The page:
Naira Strengthens Most in a Week on Oil Company’s Dollar Sales

The naira appreciated the most in a week against the dollar as a major oil company sold the U.S. currency.

The currency of Africa’s biggest oil producer strengthened as much as 1.7 percent, the biggest intraday gain since Dec. 20, before paring its gain to 1.1 percent at 163.15 as of 1:42 p.m. in Lagos, the capital.

“The appreciation at the inter-bank market was due to dollar sales by a major oil company,” analysts at Lagos-based Diamond Bank said in an e-mailed note today. “Dealers expect the naira to gain further as dollar liquidity improves.”

The central bank on Nov. 21 lowered the midpoint of its exchange-rate band at the auctions to 155 naira per dollar from 150 naira as rising imports and weakening oil prices increased pressure on the currency. Sub-Saharan Africa’s second-biggest economy depends on oil exports for more than 95 percent of foreign income, according to the Finance Ministry.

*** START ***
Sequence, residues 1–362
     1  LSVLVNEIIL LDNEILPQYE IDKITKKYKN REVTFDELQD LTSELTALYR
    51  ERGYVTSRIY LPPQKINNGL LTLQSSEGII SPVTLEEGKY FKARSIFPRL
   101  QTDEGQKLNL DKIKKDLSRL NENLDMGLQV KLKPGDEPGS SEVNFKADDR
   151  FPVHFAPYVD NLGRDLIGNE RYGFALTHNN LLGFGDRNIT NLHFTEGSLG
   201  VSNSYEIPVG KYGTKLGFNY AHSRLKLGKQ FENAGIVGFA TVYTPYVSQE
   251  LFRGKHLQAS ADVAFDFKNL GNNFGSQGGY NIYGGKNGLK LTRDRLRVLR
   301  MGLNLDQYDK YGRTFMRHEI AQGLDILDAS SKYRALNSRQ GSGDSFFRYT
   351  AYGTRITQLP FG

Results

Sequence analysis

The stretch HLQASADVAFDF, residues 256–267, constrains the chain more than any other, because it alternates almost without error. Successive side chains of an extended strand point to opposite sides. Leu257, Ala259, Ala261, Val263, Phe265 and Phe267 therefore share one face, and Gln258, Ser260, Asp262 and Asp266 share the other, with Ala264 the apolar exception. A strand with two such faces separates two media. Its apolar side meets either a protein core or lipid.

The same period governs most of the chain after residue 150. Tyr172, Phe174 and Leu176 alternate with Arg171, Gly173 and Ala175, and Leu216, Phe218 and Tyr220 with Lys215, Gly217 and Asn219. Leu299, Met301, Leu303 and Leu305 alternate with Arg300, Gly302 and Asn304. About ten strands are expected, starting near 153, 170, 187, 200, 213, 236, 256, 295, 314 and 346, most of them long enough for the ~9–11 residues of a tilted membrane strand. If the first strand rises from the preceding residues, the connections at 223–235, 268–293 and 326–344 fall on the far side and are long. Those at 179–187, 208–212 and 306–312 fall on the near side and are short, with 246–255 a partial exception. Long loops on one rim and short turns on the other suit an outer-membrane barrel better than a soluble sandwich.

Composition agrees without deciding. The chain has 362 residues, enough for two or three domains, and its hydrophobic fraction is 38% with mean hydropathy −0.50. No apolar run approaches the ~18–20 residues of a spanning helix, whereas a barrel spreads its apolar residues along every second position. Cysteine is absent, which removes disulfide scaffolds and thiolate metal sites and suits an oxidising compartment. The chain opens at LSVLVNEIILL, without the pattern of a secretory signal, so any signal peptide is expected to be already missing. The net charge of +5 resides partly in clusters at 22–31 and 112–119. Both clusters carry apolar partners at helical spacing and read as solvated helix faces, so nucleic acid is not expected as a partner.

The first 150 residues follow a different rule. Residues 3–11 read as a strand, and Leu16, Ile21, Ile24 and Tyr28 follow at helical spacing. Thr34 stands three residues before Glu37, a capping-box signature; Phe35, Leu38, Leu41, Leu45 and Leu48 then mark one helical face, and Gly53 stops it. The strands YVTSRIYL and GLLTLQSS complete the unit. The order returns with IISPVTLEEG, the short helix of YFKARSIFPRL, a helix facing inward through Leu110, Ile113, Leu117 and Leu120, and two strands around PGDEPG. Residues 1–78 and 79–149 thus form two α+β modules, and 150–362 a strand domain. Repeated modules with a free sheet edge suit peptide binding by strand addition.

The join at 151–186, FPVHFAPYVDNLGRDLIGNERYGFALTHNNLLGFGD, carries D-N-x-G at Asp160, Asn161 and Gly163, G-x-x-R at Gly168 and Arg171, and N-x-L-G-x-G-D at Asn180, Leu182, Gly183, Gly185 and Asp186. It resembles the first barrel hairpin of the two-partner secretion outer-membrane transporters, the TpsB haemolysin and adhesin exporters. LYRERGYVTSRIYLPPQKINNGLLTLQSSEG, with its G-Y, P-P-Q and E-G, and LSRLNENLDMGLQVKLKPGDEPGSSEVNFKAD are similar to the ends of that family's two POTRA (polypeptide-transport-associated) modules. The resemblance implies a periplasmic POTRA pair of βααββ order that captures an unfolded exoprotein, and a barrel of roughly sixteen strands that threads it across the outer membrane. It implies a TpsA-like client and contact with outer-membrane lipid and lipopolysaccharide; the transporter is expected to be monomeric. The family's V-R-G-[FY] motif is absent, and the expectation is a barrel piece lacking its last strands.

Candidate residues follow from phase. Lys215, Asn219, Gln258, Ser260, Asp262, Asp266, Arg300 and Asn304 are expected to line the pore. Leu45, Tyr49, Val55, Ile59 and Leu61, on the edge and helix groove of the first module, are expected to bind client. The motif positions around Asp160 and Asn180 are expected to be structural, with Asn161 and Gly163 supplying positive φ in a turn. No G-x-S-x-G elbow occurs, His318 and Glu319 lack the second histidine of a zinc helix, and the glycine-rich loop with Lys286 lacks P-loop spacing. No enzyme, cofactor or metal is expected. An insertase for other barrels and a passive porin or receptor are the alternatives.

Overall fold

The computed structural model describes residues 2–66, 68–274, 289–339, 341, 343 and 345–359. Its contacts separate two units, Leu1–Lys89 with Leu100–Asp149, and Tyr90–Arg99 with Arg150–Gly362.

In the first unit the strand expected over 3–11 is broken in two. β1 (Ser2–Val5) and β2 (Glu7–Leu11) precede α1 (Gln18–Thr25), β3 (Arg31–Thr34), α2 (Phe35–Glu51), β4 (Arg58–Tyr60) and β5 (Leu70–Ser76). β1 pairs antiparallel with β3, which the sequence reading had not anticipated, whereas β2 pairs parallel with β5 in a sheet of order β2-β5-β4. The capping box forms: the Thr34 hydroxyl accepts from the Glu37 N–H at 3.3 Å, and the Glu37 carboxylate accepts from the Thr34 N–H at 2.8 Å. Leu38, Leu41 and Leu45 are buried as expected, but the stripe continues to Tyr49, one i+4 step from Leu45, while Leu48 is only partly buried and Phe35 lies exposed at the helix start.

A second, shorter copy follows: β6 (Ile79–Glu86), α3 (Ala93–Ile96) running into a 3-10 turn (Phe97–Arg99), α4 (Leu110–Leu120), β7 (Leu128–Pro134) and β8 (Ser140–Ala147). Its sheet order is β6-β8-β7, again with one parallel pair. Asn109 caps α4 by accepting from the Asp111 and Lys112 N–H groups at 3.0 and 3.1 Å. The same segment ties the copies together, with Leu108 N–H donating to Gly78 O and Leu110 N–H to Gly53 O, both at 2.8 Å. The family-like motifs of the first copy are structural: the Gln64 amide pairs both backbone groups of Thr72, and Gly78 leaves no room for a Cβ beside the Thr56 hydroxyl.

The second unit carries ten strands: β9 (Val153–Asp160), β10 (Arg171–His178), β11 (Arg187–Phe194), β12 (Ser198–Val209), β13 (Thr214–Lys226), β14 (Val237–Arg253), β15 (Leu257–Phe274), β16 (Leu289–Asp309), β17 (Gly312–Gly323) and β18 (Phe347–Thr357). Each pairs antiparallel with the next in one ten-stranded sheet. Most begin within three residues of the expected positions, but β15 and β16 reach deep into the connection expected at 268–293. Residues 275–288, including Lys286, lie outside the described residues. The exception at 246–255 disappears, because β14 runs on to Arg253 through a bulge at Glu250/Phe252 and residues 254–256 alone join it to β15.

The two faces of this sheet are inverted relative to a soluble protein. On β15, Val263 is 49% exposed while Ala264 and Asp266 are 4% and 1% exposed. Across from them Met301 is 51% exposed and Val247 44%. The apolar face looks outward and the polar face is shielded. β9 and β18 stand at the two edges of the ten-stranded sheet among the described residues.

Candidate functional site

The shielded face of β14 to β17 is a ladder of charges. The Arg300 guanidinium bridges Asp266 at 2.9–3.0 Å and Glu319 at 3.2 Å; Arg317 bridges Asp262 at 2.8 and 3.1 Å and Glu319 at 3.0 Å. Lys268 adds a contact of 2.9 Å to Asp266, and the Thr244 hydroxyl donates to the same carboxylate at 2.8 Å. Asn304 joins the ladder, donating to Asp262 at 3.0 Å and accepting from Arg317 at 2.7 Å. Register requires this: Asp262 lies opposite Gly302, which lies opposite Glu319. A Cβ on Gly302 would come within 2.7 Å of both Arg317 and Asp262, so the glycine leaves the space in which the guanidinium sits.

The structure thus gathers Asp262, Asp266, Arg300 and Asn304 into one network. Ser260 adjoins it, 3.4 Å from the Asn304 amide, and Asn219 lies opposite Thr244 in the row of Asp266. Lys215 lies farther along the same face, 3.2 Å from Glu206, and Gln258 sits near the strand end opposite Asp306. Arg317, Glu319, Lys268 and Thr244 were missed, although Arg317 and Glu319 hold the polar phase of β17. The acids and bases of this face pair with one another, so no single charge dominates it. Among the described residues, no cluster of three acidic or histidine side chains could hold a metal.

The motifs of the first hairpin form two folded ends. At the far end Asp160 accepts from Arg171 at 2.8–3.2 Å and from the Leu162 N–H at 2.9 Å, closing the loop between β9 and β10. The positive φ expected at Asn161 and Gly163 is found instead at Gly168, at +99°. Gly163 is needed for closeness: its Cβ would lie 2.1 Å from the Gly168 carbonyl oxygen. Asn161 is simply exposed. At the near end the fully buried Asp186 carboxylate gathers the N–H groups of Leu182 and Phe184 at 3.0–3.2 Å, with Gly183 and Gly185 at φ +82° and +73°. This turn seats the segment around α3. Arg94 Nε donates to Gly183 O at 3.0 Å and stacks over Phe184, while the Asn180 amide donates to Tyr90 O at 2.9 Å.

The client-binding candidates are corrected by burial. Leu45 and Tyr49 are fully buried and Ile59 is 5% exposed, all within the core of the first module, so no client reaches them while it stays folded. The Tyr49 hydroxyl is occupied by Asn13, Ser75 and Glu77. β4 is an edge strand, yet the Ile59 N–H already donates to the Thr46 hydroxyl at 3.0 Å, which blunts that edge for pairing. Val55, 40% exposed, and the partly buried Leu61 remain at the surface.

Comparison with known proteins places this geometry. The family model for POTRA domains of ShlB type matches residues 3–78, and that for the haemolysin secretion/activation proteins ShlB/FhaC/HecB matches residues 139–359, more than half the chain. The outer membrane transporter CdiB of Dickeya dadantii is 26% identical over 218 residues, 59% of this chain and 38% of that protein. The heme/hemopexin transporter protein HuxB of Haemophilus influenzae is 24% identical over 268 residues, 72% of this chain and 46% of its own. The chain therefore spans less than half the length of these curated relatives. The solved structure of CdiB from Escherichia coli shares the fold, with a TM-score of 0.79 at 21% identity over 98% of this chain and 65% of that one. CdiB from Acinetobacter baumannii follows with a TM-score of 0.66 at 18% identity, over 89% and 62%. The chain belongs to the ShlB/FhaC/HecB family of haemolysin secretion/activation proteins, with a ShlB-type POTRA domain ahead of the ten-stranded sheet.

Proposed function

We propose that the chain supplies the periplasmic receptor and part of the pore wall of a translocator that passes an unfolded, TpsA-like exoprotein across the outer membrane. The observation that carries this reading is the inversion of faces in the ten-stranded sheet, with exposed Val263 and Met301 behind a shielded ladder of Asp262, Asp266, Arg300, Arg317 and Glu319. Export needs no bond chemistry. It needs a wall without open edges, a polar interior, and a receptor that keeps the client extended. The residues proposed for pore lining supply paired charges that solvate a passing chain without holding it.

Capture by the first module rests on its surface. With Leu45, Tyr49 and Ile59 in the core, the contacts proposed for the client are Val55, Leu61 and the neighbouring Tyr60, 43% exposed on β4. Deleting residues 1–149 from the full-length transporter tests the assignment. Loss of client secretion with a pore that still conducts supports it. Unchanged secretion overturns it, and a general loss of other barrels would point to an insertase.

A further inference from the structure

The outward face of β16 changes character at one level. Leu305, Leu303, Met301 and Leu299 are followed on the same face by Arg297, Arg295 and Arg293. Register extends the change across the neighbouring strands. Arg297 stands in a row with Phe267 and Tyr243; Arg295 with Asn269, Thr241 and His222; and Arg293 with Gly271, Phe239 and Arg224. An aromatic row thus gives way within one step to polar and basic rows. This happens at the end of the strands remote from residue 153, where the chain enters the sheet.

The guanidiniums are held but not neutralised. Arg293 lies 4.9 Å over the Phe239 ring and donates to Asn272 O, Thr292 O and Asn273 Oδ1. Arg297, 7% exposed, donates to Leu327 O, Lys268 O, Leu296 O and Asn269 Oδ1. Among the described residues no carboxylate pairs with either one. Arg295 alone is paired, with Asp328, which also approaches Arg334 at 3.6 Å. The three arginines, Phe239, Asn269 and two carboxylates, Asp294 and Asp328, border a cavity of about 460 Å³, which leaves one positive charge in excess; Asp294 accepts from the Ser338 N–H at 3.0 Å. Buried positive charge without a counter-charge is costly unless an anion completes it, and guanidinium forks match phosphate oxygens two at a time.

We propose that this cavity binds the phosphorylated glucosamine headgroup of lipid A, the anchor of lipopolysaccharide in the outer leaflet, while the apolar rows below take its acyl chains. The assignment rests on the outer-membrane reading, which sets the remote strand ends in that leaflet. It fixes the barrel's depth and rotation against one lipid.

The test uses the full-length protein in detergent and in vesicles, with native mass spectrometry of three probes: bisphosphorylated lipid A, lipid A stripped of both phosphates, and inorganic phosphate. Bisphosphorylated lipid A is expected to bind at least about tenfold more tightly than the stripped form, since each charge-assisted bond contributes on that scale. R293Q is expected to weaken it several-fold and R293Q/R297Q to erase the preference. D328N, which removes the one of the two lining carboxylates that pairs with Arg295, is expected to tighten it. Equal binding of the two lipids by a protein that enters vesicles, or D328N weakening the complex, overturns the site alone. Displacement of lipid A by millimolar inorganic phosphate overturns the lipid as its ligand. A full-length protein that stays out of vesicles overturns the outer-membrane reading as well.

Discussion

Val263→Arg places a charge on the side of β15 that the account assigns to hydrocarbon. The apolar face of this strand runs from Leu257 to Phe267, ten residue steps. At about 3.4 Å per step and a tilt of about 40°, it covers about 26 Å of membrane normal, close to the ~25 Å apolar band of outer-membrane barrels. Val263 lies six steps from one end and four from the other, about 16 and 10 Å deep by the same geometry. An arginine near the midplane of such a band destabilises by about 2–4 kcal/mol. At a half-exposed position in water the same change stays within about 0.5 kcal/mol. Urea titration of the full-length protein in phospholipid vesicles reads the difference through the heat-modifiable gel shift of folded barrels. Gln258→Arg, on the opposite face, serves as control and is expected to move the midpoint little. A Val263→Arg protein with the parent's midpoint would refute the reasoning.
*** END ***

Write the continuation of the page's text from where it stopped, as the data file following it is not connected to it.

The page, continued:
Nigeria closed its foreign-currency auctions for the year on Dec. 21 and will reopen them in January, Muhammed Abdullahi, a spokesman for the central bank in Abuja, said Dec. 21.

Ghana’s cedi was unchanged at 1.6395 per dollar as of 1.20 p.m. in Accra, the nation’s capital.

To contact the reporter on this story: Emele Onu in Lagos at eonu1@bloomberg.net

To contact the editor responsible for this story: Hilton Shone at hshone@bloomberg.net

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